I am going to introduce my family to a concept that I have finally shaped in my mind called “Discrete Time Units,” or DTUs. So often I am asked to find out about a possible activity or set up an activity or assist with some project that will require a CHUNK OF TIME, or DTU. To truly understand how a scooter is to be put together, I will need to be given time and space to study the directions (many times) and mess around with the device without interruption. Some things just warrant that kind of dedicated attention. We got an ice cream maker for a birthday present for the twins, and everyone is desperate to make ice cream. Well, I need some time to wash all the parts, plan re the ingredients, and read the directions. If you want to know if you can have some violin lessons, then I will need some time to do some research on that. Do you see? In the ever-swirling chaos that is summer vacation, nothing is going to get done — including the dishes and the laundry, let alone the bills and the shopping and the cooking — without some DTUs for Mommy.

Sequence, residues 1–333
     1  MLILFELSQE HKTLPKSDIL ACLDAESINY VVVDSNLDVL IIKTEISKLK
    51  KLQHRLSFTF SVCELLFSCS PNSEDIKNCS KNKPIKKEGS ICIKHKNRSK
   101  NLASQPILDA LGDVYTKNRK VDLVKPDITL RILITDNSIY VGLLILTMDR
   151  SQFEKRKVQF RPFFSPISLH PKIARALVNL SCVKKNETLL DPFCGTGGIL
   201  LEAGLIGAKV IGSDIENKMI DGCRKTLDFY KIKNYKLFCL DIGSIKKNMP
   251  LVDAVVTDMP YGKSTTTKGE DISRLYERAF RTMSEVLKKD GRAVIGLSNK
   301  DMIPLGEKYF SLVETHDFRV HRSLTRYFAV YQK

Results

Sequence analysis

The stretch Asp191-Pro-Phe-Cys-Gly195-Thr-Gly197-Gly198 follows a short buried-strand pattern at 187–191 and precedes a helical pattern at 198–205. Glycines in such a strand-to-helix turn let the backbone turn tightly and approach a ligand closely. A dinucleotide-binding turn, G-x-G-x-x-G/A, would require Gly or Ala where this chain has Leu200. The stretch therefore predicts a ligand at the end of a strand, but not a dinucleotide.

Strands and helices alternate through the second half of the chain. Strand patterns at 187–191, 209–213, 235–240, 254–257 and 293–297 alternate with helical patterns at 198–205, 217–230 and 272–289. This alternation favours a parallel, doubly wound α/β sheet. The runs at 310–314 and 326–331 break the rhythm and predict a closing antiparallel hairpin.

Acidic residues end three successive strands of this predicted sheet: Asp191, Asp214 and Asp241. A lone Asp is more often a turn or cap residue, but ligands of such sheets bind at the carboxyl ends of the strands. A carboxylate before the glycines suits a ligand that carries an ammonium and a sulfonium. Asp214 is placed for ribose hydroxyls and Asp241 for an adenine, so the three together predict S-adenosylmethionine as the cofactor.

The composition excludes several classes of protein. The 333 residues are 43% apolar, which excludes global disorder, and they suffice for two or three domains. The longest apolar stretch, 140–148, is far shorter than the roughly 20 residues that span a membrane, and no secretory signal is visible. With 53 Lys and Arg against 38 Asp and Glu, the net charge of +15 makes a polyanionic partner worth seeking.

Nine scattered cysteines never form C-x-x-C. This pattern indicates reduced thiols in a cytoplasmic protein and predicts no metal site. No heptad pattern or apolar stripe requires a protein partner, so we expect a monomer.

Every time I have to teach a child about colors, I cringe inside. It is one of many things I feel I am forced to lie about as a parent. There are so many shades and degrees and characters to any given color that I feel downright guilty declaring chartreuse and emerald to both be “green.”